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This article was published 15/8/2018 (1166 days ago), so information in it may no longer be current.
Mayoral candidate Jenny Motkaluk has promised to overhaul the city’s entire transit operation in six years with more buses, all-electric buses and a new route system.
Motkaluk vowed to buy 830 electric buses over the next six years, replacing all of Transit’s 640 diesel buses and increasing the size of the fleet by another 190 vehicles.
Standing at a downtown bus stop Tuesday morning on Portage Avenue, Motkaluk also said she would reconfigure the entire transit route system, eliminating the hub-and-spoke system that sends most buses through the downtown.
"Unreliability, frequent pass-ups and routes that make no sense, along with safety concerns, have caused our transit ridership to actually decline for the past two decades," Motkaluk said. "While I’m against Brian Bowman’s version of BRT (bus rapid transit), make no mistake — I am pro-transit, because efficient and reliable public transportation is a necessary part of a thriving city."
Motkaluk said she would finance the massive transit overhaul by accessing a share of the $1.1 billion Ottawa has allocated to Manitoba through the federal green infrastructure fund and redirecting funds targeted for the construction of five additional transit corridors.
“Unreliability, frequent pass–ups and routes that make no sense, along with safety concerns, have caused our transit ridership to actually decline for the past two decades,” – mayoral candidate Jenny Motkaluk
"The key to better service is more buses, more often, on routes that make sense."
Motkaluk’s announcement Tuesday morning is one of several she has made regarding transit issues.
She previously vowed to halt the construction of any further transit corridors following the completion of the southwest corridor and would assign police to provide security on buses.
Like previous announcements, Motkaluk was unable to provide an explanation of how she would pay for the transit overhaul, saying only that she would release a detailed costing plan for all of her campaign promises at a later time.
Motkaluk has been busy as of late, holding regular news conferences on policy positions all the while trying to establish herself as a credible alternative to incumbent Brian Bowman.
There are seven other candidates who have registered to challenge Bowman in the Oct. 24 election, but only Motkaluk has been holding regular news conferences.
In addition to her transit promises, Motkaluk has previously outlined positions on expanding the police-in-schools initiative and keeping pedestrians out of the Portage and Main intersection.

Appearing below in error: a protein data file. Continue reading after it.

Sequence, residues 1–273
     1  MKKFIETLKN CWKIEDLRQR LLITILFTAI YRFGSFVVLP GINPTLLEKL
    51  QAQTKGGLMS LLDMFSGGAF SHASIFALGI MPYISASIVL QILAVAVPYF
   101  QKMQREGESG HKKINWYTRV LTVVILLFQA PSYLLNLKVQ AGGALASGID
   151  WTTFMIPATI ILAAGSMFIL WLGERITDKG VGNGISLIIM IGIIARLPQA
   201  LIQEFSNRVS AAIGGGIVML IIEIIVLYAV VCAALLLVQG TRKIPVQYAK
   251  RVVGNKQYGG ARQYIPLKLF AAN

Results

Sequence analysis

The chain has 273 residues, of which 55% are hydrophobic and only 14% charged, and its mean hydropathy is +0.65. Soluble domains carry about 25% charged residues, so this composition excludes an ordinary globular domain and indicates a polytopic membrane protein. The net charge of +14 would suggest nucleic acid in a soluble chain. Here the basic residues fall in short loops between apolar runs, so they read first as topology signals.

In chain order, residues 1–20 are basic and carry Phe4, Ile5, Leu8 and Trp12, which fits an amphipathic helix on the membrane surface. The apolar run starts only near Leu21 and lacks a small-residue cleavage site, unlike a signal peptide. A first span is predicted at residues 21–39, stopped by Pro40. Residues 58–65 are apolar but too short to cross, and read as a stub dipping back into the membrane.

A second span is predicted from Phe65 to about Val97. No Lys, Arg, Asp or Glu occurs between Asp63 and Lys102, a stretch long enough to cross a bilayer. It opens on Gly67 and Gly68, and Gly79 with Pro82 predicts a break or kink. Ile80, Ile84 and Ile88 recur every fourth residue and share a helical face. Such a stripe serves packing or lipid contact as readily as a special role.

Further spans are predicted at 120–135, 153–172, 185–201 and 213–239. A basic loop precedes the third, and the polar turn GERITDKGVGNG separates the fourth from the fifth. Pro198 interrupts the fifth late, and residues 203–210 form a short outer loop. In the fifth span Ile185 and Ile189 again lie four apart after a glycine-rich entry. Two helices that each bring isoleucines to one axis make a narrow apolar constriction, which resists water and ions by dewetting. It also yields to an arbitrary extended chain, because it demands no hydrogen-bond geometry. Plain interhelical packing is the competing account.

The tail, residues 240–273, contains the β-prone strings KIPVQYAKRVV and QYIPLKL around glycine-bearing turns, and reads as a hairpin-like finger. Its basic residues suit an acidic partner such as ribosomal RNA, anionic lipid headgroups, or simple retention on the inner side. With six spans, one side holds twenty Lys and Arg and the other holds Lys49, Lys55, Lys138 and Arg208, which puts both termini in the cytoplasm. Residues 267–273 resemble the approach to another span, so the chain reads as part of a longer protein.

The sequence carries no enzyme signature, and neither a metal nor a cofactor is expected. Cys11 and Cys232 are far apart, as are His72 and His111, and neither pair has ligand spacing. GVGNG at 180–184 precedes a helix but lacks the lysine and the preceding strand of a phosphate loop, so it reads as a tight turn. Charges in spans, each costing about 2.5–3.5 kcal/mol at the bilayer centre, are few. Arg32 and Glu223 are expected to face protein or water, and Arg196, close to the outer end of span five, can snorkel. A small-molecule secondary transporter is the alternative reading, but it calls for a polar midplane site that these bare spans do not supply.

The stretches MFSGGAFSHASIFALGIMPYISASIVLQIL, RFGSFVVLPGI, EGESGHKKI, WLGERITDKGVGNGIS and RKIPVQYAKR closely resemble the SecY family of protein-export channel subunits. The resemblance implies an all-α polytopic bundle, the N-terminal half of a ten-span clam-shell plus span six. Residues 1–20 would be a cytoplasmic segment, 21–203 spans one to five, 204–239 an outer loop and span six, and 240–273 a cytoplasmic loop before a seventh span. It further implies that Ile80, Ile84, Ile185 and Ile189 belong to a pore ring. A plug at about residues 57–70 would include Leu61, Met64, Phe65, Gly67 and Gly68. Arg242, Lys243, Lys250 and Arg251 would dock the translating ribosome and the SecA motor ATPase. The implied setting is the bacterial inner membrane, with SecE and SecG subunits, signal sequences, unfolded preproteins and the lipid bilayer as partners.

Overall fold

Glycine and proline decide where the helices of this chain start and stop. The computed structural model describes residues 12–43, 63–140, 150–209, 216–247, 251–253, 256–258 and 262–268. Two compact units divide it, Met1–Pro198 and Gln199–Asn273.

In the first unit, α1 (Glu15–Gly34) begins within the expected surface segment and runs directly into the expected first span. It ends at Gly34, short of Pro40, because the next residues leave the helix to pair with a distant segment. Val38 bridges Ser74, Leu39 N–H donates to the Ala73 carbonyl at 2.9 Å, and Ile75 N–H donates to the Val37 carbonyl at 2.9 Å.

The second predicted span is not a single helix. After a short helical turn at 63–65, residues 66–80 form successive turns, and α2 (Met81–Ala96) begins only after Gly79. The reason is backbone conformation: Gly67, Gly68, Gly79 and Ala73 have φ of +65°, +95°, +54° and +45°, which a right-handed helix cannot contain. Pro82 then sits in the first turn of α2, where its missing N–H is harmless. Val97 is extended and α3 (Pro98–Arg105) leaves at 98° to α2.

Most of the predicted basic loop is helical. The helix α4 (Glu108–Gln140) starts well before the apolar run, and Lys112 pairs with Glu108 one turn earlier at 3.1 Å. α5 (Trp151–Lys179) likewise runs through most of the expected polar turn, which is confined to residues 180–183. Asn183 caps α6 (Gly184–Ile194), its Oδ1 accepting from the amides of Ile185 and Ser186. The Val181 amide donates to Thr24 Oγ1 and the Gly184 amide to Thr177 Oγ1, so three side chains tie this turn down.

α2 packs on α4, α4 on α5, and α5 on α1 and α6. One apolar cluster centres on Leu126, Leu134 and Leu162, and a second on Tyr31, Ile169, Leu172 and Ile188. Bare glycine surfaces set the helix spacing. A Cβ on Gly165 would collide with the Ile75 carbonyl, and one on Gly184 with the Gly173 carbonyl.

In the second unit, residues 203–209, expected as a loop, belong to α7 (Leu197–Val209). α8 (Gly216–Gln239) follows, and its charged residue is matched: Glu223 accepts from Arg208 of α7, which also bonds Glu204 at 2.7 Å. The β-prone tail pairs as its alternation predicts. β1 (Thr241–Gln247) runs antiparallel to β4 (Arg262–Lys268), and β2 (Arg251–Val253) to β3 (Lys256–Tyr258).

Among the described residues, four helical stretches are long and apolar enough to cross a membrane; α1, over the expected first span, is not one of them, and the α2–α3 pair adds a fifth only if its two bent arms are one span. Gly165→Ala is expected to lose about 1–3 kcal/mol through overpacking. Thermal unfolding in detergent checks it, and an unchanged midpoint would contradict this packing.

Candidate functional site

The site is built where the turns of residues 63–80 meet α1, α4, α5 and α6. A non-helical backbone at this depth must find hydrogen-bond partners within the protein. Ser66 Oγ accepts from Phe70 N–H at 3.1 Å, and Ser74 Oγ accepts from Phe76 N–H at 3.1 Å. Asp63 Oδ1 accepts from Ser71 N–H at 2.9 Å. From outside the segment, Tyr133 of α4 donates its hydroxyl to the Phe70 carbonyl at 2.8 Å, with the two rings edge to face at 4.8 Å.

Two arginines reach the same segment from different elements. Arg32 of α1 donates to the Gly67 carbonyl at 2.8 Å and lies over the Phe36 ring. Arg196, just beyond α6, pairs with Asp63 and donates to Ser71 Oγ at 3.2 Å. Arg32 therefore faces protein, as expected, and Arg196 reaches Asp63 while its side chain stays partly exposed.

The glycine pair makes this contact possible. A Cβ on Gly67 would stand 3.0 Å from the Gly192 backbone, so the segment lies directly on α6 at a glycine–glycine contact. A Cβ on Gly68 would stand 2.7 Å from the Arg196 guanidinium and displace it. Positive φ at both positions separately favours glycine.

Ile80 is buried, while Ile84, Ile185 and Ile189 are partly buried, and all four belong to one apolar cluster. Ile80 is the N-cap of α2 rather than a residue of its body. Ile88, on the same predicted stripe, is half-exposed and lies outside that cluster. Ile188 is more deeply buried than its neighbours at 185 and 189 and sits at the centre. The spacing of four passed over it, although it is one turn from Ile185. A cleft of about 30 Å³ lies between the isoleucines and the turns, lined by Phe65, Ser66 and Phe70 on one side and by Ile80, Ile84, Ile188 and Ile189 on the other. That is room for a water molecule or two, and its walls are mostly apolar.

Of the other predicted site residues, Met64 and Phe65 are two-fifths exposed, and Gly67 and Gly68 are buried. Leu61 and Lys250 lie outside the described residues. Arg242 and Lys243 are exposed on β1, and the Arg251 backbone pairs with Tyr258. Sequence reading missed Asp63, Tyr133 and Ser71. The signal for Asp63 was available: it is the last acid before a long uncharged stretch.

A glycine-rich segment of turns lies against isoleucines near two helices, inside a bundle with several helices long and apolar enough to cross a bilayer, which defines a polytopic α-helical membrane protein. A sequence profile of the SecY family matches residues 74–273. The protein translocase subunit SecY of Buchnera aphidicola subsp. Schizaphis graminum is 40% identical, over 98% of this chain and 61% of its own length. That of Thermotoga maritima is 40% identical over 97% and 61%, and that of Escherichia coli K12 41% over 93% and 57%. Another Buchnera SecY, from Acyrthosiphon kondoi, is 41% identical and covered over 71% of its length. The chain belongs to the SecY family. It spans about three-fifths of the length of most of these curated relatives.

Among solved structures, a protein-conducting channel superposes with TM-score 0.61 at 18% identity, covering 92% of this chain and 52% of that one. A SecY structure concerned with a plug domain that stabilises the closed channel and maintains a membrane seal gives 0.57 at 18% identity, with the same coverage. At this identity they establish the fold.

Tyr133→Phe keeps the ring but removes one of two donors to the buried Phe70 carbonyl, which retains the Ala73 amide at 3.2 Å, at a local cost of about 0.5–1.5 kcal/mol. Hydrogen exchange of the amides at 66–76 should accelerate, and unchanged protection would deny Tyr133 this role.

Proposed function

In contrast, Bowman said last week that he wouldn’t begin campaigning in earnest until after the September council meeting.
Motkaluk’s transit announcement drew a mixed response from the union that represents most transit employees, which was encouraged by her support to expand the size of the fleet and convert it to electric.
But Aleem Chaudhary, president of ATU Local 1505, said he remains disappointed with Motkaluk’s previous proposal to halt future transit corridor construction.
Chaudhary said electric buses and their charging infrastructure are ideally suited for bus-only transit corridors, adding the city should not pit transit corridors against improvement to regular transit service.
Motkaluk’s plan reflects many of the same proposals suggested in the past by the transit advocate group Functional Transit Winnipeg, which did not go unnoticed by its chairman Joseph Kornelsen.
"We were aware she was going to be making a (transit) announcement but I didn’t realize she was going to be using language exactly as ours," said Kornelsen, who has brought the same message to city hall for the need to expand the fleet and increase frequency of service.
Kornelsen applauded Motkaluk’s desire to transform Transit but, like Chaudhary, he said he was troubled by her insistence on putting a stop to rapid transit.
Bowman’s campaign said the mayor supports electrification of buses, but it should be done slowly, following the recommendation of a joint province-city task force which proposed the addition of 12 to 20 electric buses.
"Half a billion dollars to switch out a just-recently-renewed bus fleet is a total waste of taxpayer money, is extremely risky and is not an approach supported by industry experts," said Kelly McCrae, Bowman’s campaign spokesman. "Electrifying the city’s bus fleet needs to be undertaken in a careful, phased in approach that respects taxpayers rather than handing them a half a billion dollar liability."
McCrae said Bowman is already involved in discussions with the province to leverage federal funds to improve Transit.
Motkaluk said converting the transit fleet from diesel to electric would save almost $22 million annually in fuel costs, but she conceded an entirely electric system would require a massive charging infrastructure.
Expanding the size of the fleet by 30 per cent would also require an additional 30 per cent more transit drivers, she said, which would cost about $18 million a year.